By Kat Birch
Sleeping more? Enjoying life less? Feeling more hermit crab than human?
Don’t panic, you’re not going crazy. There’s actually a medical term for it – Seasonal Affective Disorder (SAD).
As if the shorter days, rubbish weather and lack of sunlight weren’t enough to have us all feeling pretty ‘meh’, the winter months actually mess with our bodies. The lack of sunlight causes a drop in serotonin levels and a spike in melatonin, contributing to increased low moods and messed up sleep patterns. Symptoms of SAD range from stress, anxiety and persistent low moods, to an increase in appetite and inability to concentrate. This can feel pretty debilitating, especially if you have lectures to get to, assignments due and shifts to work through. Life doesn’t get any slower in winter, but it feels like we do.
You’re not alone; Roughly 1 in 16 people suffer with Seasonal Affective Disorder in the UK, and a further 15% with subsyndromal SAD. I for one struggle to get out of bed before midday after the clocks go back, and my favourite things in life begin to feel like big fat chores. I’m usually pretty active and a proper extrovert, but November rolls around and suddenly getting dressed feels overwhelming, exercise feels impossible, and socialising is the last thing I want to do.
SAD is particularly difficult if you already suffer with mental health problems, so it’s crucial to look after yourself and have a couple ‘bad-day plans’ in place. If the months from November to February, have you struggling, you don’t have to suffer in silence. I’ve put together a SAD survival plan, from apps to download to help you increase your sunlight exposure, to tips to help you boost your serotonin levels. Here’s how to beat those pervasive ‘winter blues’:
Seeing as SAD is caused primarily by lack of sunlight, increasing your exposure to it seems a pretty good place to start. Sunrise alarm wakes you as the sun rises, so you can maximise your time in the sun, and your body can make serotonin better and regulate your levels of melatonin.
This is a personal recommendation that I think is great for anxiety and concentration. Noisli is basically a compilation of ambient noises, from crackling campfires, to thunder, to the background hum of a coffeeshop. What’s even better is you can make your own sound combinations, allowing you to tailor sounds to what helps you most. I love this app for when my mind needs a declutter. You can access Noisli on a desktop or download the app.
If SAD particularly messes with your sleep pattern, this app is for you. Sleep Cycle essentially tracks your sleep and works out how much deep sleep you actually get. It wakes you up when you are naturally in a lighter phase of sleep, so you can start the day feeling a bit less like you’re having to hold your eyelids open with matchsticks.
Sleep, diet, exercise and companionship are the four pillars to better wellbeing. When one slips, it impacts the others, so these are generally the areas you want to have covered.
Eating properly is central to wellbeing, especially when your mood and energy levels are lower than usual. Prepping some good meals and freezing them can be a lifesaver on days when you’re too tired and demotivated to make anything other than cheesey pasta for the 5th night that week. Prepping meals you genuinely enjoy is important too; when the day is feeling pretty bleak, sometimes the simple pleasures are what matter most. As a general rule of thumb it’s a good idea to avoid overly processed food too; the spike in blood sugar will most likely lead to a crash that leaves you feeling worse than before. Stick to slow release carbs and try to eat your veg – you’ll feel better for it.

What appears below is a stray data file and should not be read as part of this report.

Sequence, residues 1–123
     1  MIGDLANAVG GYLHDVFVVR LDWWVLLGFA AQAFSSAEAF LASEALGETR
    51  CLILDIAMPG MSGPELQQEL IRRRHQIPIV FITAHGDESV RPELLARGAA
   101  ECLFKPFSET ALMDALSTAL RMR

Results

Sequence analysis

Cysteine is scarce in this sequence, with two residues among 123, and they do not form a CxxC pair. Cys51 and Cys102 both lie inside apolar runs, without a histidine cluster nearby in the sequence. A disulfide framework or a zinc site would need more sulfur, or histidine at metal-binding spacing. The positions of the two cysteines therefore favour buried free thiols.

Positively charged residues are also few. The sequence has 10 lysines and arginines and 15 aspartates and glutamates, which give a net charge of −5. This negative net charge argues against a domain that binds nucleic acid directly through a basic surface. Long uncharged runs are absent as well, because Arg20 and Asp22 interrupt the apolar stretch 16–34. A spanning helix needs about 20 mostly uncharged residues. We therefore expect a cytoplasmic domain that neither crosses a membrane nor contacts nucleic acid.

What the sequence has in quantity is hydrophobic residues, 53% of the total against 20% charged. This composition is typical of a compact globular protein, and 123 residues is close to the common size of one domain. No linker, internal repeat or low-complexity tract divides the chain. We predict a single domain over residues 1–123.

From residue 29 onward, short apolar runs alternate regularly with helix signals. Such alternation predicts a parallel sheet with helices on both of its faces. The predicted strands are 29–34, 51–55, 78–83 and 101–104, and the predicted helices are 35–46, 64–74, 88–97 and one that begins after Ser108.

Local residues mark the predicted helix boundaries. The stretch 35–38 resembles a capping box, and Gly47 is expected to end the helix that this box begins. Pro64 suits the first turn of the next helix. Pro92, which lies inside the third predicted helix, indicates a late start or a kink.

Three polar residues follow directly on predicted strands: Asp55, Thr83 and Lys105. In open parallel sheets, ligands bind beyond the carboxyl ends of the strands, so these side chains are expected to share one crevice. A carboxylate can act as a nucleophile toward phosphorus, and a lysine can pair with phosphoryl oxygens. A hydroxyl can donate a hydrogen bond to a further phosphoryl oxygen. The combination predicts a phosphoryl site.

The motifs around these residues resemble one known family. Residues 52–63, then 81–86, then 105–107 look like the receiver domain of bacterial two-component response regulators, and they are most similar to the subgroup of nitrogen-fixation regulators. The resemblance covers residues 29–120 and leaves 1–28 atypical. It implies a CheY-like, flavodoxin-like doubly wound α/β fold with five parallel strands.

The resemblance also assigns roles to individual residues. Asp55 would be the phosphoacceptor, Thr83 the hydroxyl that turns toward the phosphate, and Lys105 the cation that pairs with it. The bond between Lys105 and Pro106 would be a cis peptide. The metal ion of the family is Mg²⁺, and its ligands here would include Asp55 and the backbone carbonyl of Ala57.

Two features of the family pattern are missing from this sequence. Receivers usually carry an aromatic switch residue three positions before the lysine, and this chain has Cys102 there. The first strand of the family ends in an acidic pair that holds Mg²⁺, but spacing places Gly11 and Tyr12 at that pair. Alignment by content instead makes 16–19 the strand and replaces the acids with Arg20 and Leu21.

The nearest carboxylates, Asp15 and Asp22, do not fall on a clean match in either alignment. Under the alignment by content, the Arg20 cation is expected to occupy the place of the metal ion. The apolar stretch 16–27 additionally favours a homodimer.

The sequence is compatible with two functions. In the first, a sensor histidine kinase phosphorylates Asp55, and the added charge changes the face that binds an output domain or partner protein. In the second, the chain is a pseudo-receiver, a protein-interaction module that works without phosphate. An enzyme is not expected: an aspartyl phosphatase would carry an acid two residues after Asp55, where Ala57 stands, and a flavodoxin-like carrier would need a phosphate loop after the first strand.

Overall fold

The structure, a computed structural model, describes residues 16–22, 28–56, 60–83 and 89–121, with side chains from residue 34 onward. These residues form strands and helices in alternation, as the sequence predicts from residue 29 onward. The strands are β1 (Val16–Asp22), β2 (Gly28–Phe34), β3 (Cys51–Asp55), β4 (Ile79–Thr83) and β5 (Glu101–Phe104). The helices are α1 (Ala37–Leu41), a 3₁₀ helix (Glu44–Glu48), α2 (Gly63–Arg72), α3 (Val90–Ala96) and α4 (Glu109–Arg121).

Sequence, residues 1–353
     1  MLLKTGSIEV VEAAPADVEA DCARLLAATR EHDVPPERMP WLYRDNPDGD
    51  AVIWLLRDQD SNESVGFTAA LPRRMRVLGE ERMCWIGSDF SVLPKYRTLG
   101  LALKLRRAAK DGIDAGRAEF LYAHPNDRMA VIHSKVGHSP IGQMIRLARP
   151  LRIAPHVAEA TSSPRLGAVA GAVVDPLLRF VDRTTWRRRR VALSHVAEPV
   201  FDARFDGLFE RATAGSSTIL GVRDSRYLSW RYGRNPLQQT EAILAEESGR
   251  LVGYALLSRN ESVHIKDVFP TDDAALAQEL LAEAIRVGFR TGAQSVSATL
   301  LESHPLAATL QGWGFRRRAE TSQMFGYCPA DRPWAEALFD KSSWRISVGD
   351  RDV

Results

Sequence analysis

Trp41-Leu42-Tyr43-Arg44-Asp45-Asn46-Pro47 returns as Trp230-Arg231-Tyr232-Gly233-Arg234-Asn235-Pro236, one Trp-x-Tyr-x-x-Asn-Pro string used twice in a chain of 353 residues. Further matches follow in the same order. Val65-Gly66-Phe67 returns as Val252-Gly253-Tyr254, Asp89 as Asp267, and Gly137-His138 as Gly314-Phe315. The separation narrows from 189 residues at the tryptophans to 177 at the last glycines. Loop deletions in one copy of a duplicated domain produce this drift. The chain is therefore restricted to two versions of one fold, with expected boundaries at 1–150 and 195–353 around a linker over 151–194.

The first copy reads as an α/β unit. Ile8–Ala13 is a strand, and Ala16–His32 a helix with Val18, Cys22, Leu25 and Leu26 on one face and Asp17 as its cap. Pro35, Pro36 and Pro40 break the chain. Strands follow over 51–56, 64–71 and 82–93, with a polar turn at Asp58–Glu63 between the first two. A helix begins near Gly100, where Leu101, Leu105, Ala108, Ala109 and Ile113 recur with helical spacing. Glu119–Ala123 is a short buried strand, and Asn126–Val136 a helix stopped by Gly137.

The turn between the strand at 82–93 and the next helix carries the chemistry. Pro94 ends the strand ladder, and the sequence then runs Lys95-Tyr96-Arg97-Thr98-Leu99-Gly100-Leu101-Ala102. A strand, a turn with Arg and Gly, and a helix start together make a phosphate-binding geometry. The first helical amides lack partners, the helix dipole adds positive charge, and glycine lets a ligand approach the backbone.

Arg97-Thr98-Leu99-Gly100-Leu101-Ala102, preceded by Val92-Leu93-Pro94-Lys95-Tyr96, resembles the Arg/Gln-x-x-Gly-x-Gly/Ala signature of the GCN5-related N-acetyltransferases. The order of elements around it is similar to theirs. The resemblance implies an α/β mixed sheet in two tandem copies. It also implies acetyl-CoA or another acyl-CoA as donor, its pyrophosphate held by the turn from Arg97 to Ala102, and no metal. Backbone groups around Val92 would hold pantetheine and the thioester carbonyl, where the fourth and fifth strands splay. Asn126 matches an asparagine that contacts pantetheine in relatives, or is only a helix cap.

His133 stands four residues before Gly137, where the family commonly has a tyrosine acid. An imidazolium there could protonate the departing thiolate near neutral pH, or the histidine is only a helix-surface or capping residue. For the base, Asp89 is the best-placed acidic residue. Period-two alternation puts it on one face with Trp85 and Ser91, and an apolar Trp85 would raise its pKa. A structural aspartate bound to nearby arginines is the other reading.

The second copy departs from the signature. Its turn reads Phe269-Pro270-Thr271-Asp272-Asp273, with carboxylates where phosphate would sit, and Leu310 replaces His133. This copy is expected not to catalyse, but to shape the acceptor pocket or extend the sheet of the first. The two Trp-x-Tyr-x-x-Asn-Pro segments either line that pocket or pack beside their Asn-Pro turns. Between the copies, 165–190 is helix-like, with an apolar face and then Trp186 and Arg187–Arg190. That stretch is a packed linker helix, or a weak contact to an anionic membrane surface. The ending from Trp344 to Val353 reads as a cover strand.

Don’t get mad, I hate it too. Finding the motivation to exercise at the best of times is hard, but hear me out – regular exercise is shown to boost levels of serotonin and dopamine, as well as contributing to better sleep. It doesn’t have to be a heavy gym session or a 5k run, the trick is to exercise in ways that make you feel good, and that don’t fill you with dread. If you prefer Yoga, or walking, or doing home workouts, it doesn’t matter. Just get yourself moving. Arrange to meet your mates for walks, or follow the same fitness plans; making it social and enjoyable is half the battle.
Humans are social animals, so spending time with friends is central to our happiness. It’s no secret that alcohol isn’t fantastic for our mental health, so it’s probably best to keep the boozy nights out to a minimum. Having plans to look forward to is essential though, so arrange movie nights, study sessions, coffee dates, whatever you love doing with friends that can help you get through the winter months.
A major contributor to SAD is reduced exposure to sunlight. SAD lamps are specifically designed to mimic sunlight, and are used to treat and counter the effects of seasonal depression. Light therapy lamps can be on the expensive side, but if you shop around online you can find some that are much more affordable, or you can chip in with your housemates to buy one for your shared spaces. If you struggle with SAD, and find it significantly impacts your life, a light therapy lamp is definitely a good investment.
Nicknamed the ‘sunshine vitamin’, we get most of our vitamin D from exposure to sunlight. Clearly this becomes a problem after the clocks go back, and some research shows a correlation between depression and reduced levels of vitamin D. The evidence isn’t conclusive, but Vitamin D supplements are used by a lot of SAD sufferers.